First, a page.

My work addressing minority health disparities is organized along three primary lines of research. In the first, I examine how economic marginalization and gender- and race-based oppression are shaping employment trajectories, access to care, health and well-being among transgender and nonbinary people. Within this line of work, I am Principal Investigator of a pilot study to inform the future adaptation of an economic empowerment intervention for transgender and nonbinary people living with HIV or navigating HIV risk in the United States. The HIV Center Development Core (via National Institute of Mental Health, NIMH) funds this research. Manuscripts under review and in progress within this area 1) investigate how stigmatizing, discriminatory, and affirming workplace experiences are shaping employment opportunities and trajectories (revise and resubmit), 2) identify patterns of economic marginalization and their associations with healthcare access and HIV outcomes among trans and nonbinary people, and 3) explore the processes through which economic marginalization diminishes transgender and nonbinary people's ability to maintain viral suppression or HIV seronegativity. I have received recognition for this line of work, including selection for the 2021 National Institute on Minority Health and Health Disparities (NIMHD) Health Disparities Research Institute for promising early-career minority health disparities research scientists and a Loan Repayment Program Award from NIMH (2021-2023).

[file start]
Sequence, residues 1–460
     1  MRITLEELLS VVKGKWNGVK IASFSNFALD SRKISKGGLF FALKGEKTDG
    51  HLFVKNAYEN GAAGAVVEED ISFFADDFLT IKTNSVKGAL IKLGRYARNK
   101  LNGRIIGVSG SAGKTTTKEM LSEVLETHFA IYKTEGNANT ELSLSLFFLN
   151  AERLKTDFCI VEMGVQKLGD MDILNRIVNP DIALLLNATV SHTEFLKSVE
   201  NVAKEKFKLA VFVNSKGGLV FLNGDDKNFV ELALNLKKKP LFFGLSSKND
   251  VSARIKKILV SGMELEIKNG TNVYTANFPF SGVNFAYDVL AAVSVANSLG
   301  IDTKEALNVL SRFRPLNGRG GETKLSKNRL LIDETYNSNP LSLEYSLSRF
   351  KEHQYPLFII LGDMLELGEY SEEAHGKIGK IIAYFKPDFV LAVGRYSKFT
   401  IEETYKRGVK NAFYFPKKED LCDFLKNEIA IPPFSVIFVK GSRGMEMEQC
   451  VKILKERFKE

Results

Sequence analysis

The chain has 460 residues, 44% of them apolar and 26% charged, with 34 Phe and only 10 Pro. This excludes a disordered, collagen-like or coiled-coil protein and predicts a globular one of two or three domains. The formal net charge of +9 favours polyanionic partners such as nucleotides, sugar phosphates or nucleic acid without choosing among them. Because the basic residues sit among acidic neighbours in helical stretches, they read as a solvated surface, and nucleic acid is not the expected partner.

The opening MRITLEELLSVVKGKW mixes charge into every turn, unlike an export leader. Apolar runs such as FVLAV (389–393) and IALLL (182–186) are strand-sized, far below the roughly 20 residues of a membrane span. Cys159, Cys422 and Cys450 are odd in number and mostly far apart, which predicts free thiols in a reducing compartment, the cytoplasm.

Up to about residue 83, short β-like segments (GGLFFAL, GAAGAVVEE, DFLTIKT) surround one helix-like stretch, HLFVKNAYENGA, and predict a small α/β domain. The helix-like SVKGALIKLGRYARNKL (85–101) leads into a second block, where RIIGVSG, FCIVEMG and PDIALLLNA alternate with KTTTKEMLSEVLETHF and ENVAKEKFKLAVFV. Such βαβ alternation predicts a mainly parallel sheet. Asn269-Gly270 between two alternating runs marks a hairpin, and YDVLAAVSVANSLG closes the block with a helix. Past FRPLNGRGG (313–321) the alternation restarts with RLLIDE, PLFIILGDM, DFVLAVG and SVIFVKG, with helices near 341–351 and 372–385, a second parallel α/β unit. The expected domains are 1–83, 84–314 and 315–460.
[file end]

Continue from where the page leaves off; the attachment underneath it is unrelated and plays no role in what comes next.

In my second line of research, I investigate how multilevel factors such as stigma, discrimination, social support, and neighborhood characteristics are associated with HIV-related prevention and care outcomes among key populations. Papers in this line of work, published and in revision for invited resubmission at AIDS & Behavior, focus on sexual and gender diverse populations in Kazakhstan. In another paper in progress, I am working with a team to merge data sets so we can examine whether and how neighborhood-level stigma is associated with engagement in the HIV care continuum and HIV outcomes in New York City. These studies are supported by NIDA and NIMH and received recognition from the International AIDS Society.

My third area of research uses multilevel qualitative methods to reveal how dominant, intersecting ideas about gender, sexuality, and race deployed within healthcare settings, organizations, and interpersonal relationships are shaping health and well-being among LGBTQ people. These studies have been supported by the National Science Foundation, Urban Ethnography Lab at the University of Texas at Austin, CLAGS: Center for LGBTQ Research, and the National Institute on Aging. Five articles in this area have been published in Social Science & Medicine, Journal of Marriage and Family, Sociological Compass, and one is under review at a sociological journal. I am currently drafting a book based on my dissertation study in this area, tentatively titled Queer in the Clinic: Transforming Gender, Sexuality, and Inequity in LGBTQ Healthcare. 


Please see my CV for additional information about white papers, chapters, and teaching publications. 

[1] Clarivate Analytics 2021 Impact Factor.